Introduction: The Attempted Suicide Short Intervention Program (ASSIP) is a brief psychotherapeutic intervention, and a pivotal study found it to be remarkably effective in reducing repeat suicide attempts. Objective: To compare the effectiveness of ASSIP to crisis counseling (CC) in a randomized clinical trial (ISRCTN13464512). Methods: Adult patients receiving treatment for a suicide attempt in a Helsinki City general hospital emergency room in 2016–2017 were eligible to participate. We excluded psychotic or likely non-adherent substance-abusing or substance-dependent patients. Eligible patients (n = 239) were randomly allocated to one of two interventions. (a) ASSIP comprised three visits, including a videotaped first visit, a case formulation, and an individualized safety plan, plus letters from the therapist every 3 months for 1 year, and then, every 6 months for the next year. (b) CC typically involved 2–5 (median 3) face-to-face individual sessions. In addition, all participants received their usual treatment. One and 2 years after baseline, information related to participants’ suicidal thoughts and attempts, and psychiatric treatment received was collected via telephone and from medical and psychiatric records. Results: Among randomized patients, two-thirds initiated either ASSIP (n = 89) or CC (n = 72), with 73 (82%) completing ASSIP and 58 (81%) CC. The proportion of patients who attempted suicide during the 2-year follow-up did not differ significantly between ASSIP and CC (29.2% [26/89] vs. 35.2% [25/71], OR 0.755 [95% Cl 0.379–1.504]). Conclusions: We found no difference in the effectiveness of the two brief interventions to prevent repeat suicide attempts.
A history of attempted suicide is the single most important indicator of risk for suicide, with an accumulated suicide mortality of at least 7–13% [1-6]. It is, therefore, important to develop interventions aimed at reducing the risk of future suicide attempts and deaths. Numerous psychosocial interventions have been developed and investigated, with cognitive behavioral psychotherapies best documented for effectiveness [7-10]. However, although most of these interventions are relatively brief in duration, they may be too resource demanding, limiting their feasibility as a part of routine services. Thus, a great demand exists for brief yet effective interventions aimed at reducing the risk of suicidal acts.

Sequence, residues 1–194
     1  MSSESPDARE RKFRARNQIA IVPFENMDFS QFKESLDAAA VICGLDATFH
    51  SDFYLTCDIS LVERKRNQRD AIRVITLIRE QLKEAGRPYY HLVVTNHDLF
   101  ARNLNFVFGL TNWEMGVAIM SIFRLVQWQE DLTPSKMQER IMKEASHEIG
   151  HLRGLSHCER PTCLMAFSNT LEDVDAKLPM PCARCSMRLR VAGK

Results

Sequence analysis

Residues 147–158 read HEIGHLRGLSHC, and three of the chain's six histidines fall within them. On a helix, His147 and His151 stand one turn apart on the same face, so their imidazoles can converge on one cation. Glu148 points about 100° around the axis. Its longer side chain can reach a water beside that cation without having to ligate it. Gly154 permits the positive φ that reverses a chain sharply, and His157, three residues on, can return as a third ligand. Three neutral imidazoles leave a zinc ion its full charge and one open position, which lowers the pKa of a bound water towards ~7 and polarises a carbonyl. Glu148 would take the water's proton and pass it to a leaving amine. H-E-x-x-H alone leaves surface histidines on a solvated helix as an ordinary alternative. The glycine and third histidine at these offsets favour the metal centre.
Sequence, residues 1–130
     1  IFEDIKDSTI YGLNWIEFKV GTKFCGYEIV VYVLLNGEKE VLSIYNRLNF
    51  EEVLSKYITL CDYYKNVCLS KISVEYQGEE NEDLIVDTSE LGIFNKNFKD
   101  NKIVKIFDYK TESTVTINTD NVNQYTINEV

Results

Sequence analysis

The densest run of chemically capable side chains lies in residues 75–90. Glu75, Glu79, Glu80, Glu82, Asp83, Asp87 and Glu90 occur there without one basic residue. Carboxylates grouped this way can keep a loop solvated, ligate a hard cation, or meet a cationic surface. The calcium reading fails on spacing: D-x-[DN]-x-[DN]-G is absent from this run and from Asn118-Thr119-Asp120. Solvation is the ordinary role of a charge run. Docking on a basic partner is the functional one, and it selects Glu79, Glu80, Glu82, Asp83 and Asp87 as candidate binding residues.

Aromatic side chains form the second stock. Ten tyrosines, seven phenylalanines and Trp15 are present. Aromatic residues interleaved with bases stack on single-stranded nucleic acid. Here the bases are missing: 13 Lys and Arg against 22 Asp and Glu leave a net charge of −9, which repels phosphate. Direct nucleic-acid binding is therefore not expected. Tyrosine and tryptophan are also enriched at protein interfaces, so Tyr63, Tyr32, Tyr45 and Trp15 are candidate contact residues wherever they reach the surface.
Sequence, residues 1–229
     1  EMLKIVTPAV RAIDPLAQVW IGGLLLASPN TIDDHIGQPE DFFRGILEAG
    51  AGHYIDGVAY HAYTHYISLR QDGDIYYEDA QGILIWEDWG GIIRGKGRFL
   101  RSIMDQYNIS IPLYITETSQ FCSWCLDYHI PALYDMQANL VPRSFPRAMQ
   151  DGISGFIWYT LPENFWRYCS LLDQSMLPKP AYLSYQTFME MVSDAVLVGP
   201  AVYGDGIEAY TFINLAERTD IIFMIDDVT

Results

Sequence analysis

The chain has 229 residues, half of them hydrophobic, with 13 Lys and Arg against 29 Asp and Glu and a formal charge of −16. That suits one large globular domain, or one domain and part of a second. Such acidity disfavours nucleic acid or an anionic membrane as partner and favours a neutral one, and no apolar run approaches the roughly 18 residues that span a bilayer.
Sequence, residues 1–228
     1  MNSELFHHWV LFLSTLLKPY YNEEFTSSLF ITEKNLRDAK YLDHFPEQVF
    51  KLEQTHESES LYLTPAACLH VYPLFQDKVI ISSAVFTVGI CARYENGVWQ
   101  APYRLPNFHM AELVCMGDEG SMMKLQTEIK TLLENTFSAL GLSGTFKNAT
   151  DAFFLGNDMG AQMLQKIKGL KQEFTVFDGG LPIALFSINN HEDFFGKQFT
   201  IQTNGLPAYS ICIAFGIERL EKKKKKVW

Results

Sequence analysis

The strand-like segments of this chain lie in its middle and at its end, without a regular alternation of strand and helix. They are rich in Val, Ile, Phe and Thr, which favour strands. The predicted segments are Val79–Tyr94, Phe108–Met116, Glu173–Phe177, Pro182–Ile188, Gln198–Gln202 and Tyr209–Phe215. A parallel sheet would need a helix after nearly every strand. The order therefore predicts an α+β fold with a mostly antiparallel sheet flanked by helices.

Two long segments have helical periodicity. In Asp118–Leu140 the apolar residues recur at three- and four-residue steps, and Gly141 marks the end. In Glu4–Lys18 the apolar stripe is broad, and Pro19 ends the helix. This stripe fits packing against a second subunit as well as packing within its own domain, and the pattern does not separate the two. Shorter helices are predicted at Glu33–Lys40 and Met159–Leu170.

The Attempted Suicide Short Intervention Program (ASSIP)  represents a promising brief three-visit intervention. The pivotal randomized controlled study was conducted in Bern, Switzerland, by ASSIP’s developers , which revealed a remarkable effectiveness in reducing the risk of repeat suicide attempts when compared with treatment-as-usual (TAU) after an index suicide attempt (8.3 vs. 26.7%) during a 2-year follow-up period. The intervention also resulted in less use of psychiatric services during the follow-up . However, to our knowledge, these highly promising findings have not been replicated, nor has the effectiveness of ASSIP been compared to another brief intervention. Such a comparison would prove useful with regard to the potential superior and specific effectiveness of ASSIP in reducing suicidal acts.
Therefore, the present study aimed to investigate the effectiveness of ASSIP in reducing repeat suicide attempts over the subsequent 2 years following an index suicide attempt compared to crisis counseling (CC). We hypothesized that the brief ASSIP intervention is superior to CC in reducing repeat suicide attempts, also resulting in lower severity of suicidal ideation and less use of psychiatric services during a 2-year follow-up.
Materials and Methods
Trial Design and Power Calculation
We conducted a Zelen randomized, parallel-arm, prospective intervention study to compare the effectiveness of ASSIP and CC in reducing the proportion of new suicide attempts during a 2-year follow-up among patients who had already attempted suicide. Figure 1 illustrates the study design. The study was approved by the local ethics committee and registered as a clinical trial (ISRCTN13464512). All patients signed informed consent forms that met the Declaration of Helsinki guidelines . No financial compensation was paid for participation, although participants received movie ticket gift cards for participating in the 1- and 2-year follow-up telephone interviews.
The pivotal ASSIP study  found an absolute risk reduction of 18.4% between study groups. In the power calculation for the present study, the proportion of patients repeating suicide attempt during follow-up in the CC group was expected to reach approximately 25%, reduced by at least 50% in the ASSIP group – that is, 12.5% or lower. With an α error of 0.05 and β error of 0.80, we estimated that we would need a minimum of 240 patients for randomization in order to detect an absolute difference of ≥12.5% in the repetition rates.